How To Use P90X To Build Mass


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Guys have a thing for mass. It’s hard to explain, really, but boys seem to grow up wanting nothing more than to be big. Guys want speedboats and trucks, and they want to look like the Hulk®, regardless of what their wives may think of green skin. If this sounds like you, here’s the article you’ve been looking for: customizing P90X for mass.

Even if mass is your only goal, make sure to read the other articles in the series on customizing the X. The principles discussed in these articles will be put to use here. To look like the Hulk, you don’t need to be a physicist who’s accidentally exposed to gamma rays, but you do need to consider science as we know it, particularly the question, “What is mass?”

What is mass?
Because many of our Success StoriesFormer Competitive Bench Presser Loses 28 Pounds in 60 Days. Read more ... », not to mention Tony, aren’t exactly skinny, we must begin by defining mass—something most of you are looking for more of. Physics-related talk about inertia, gravity, and force aside, as we’re using the term here, mass simply means size. As in the root of the word massive. A program targeting mass is concerned with one thing: muscleSee How I Gained 20 Pounds of Lean Muscle with P90X. Read more ... » growth (from here on in referred to as hypertrophy), and a lot of it. In a training cycle for mass, we should target hypertrophy even at the expense of other fitnessCIZE and Shakeology: Fun. Nutrition. Results.. Read more ... » goals. P90X is not a system designed for mass. It’s designed for overall fitness, which means that ultimate gains in targeted areas, like speed, strength, flexibility, and muscle growth, are compromised to provide a program that improves all your body’s physical energy3 Day Refresh and Shakeology: Break Bad Habits. See Success.. Read more ... » systems during one 90-day effort. We feel that this is the preferred training system, because it addresses the big picture. But if your picture is quite literally being bigger, you’ll need to read on.

You’ve read about the capacity for improvement throughout this series, so here’s where I tell you to do a round of P90X as it’s designed before embarking on a mass-specific program. It’s healthier, sure, but it’s more than that. Training all of your body’s energy systems until they’re running efficiently increases your body’s ability to do, well, anything. And “anything” includes looking like Lou Ferrigno. Once you’ve done a round of the X and aced your Fit Test, the foundation has been laid. You’re ready to start gettin’ big.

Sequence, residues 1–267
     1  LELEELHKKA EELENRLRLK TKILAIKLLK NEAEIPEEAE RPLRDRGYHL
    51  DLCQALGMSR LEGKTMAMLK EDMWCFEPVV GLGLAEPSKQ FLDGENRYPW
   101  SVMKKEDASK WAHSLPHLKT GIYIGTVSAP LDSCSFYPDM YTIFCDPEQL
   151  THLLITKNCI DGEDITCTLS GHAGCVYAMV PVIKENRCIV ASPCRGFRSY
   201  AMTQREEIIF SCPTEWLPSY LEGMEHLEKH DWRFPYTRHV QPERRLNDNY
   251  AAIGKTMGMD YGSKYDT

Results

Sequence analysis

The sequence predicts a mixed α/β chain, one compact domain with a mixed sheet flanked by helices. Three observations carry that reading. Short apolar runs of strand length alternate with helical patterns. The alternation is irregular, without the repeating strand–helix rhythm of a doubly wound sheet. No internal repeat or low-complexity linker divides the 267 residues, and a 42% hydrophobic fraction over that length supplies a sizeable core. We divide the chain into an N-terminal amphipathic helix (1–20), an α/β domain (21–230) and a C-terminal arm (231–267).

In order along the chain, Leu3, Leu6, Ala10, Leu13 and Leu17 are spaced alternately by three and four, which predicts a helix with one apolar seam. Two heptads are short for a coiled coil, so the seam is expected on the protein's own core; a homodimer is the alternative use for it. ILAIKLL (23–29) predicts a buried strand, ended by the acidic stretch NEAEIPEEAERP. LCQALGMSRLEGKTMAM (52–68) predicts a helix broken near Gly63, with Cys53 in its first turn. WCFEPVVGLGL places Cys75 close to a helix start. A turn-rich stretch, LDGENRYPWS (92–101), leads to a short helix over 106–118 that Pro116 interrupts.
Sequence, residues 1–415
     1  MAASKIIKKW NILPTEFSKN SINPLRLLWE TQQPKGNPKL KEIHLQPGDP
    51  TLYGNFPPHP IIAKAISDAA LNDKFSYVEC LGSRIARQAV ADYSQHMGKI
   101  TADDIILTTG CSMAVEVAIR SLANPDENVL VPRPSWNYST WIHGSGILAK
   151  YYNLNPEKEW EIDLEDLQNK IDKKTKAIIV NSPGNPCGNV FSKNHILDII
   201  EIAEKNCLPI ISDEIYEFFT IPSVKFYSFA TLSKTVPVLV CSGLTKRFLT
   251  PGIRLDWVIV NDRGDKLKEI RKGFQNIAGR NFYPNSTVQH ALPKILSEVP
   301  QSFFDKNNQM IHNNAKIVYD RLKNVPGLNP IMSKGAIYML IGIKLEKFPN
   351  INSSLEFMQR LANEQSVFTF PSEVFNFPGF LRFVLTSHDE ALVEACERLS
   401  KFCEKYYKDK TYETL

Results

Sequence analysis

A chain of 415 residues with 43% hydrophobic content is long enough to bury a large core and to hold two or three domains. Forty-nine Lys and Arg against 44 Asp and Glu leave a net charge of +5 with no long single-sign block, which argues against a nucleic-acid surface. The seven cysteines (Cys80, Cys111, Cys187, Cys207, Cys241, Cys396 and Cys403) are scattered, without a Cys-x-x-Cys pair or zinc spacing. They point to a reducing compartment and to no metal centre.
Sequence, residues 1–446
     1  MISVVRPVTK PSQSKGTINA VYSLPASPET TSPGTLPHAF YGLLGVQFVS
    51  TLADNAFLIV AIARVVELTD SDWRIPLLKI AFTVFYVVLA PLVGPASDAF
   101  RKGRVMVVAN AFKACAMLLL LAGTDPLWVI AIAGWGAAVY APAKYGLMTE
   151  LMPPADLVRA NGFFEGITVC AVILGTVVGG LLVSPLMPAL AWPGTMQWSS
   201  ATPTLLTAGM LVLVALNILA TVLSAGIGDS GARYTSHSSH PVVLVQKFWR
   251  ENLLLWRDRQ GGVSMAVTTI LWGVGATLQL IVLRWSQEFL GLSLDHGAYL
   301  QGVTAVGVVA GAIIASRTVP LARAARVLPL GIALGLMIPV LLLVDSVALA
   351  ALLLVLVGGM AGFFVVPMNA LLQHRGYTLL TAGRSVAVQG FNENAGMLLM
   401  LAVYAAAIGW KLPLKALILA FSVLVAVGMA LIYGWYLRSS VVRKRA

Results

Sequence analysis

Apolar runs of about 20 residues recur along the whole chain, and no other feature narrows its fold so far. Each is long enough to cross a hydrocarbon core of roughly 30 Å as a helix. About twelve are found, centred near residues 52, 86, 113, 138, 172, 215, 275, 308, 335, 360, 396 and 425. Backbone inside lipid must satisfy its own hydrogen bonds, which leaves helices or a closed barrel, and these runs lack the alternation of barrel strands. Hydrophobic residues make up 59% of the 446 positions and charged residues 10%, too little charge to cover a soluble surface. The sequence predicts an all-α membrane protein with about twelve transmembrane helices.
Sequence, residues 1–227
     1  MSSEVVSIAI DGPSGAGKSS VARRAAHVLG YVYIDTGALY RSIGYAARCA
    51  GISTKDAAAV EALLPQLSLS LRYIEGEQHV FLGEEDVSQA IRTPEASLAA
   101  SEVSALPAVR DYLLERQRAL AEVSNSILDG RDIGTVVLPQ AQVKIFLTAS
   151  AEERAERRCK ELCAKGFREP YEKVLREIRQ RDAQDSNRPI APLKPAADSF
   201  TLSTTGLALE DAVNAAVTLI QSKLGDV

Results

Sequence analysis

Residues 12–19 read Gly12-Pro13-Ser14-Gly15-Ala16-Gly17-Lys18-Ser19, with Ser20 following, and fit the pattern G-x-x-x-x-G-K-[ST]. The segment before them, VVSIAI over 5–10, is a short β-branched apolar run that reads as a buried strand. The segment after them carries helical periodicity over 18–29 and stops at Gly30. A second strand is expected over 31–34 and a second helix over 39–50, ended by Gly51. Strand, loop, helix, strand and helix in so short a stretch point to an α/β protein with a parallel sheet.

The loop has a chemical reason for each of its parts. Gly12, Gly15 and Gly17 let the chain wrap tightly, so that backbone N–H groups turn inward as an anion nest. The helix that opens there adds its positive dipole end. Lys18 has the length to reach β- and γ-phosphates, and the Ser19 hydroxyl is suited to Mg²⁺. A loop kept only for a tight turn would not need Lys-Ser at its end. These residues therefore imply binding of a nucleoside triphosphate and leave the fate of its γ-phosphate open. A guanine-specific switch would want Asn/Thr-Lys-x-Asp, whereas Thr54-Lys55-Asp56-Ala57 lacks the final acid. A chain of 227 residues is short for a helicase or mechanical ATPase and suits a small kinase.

Tony loves the word specificity. He often uses it when referring to exerciseIs This the New Celebrity Diet?. Read more ... » movements, but we’re going to use it to refer to the equipment you’ll need. With mass as your goal, you’d better acquire specific resistance equipment. The simplest form is weights; however, mass can also be created by using other forms of tension, like resistance bands. The bottom line is that if mass is your goal, you’ll need to have more weight available than you’ve been using. Body weight and plyometric movements can be used effectively for strength training, but strength and hypertrophy are not synonymous. To make hypertrophic gains, you’re going to need to find ways to make your body fail at a given number of repetitions. You’ll want an array of weights and bands, and some extra devices like ankle and wrist weights, or a weight vest, to add resistance to all the movements you’re doing.

The difference between size and strength
Hypertrophy training simply increases the size of the muscle. Strength training increases the efficiency of the muscle. Large muscles have a greater capacity for strength. Absolute strength is the ability of the muscle to use all of its muscle cells for movement. People in sports dependent on strength-to-weight ratios target high muscular efficiency in their training, whereas those in sheer size-dependent sports will focus more on hypertrophy. Most sports are somewhat dependent on both size and strength, which are ideally improved during different cycles of training.

The periodizational concepts that have been discussed in previous articles need to be explained here before a mass schedule is created. Remember that a standard schedule would look similar to this:
Foundation phase (Power 90® or what you did pre-X) + block 1 + transition/recoveryWhat is a Recovery Workout?. Read more ... » + block 2 + transition/recovery + block 3 + recovery = peak (final Fit Test)

The difference here is that we’re going to structure an entire training cycle based only on hypertrophy. This means we won’t be setting up a peak phase. Over a long period of time, you’ll want to teach your muscles how to function more efficiently. We’ll get to this at the end. For now, we’ll just say that there’s still a periodizational approach to consider. You’ll still adapt, gain, and plateau over time, so we’ll need a structure to keep this happening. But the structure will be dependent simply on rep schemes (the number of repetitions that you target to bring you to failure) and progressive overload. The blocks of our 90-day schedule will each target a different number of repetitions, which you’ll want to aim for to induce failure. But because we’re not changing the schedule much, and thus creating less Muscle Confusion™, we won’t need such frequent recovery phases.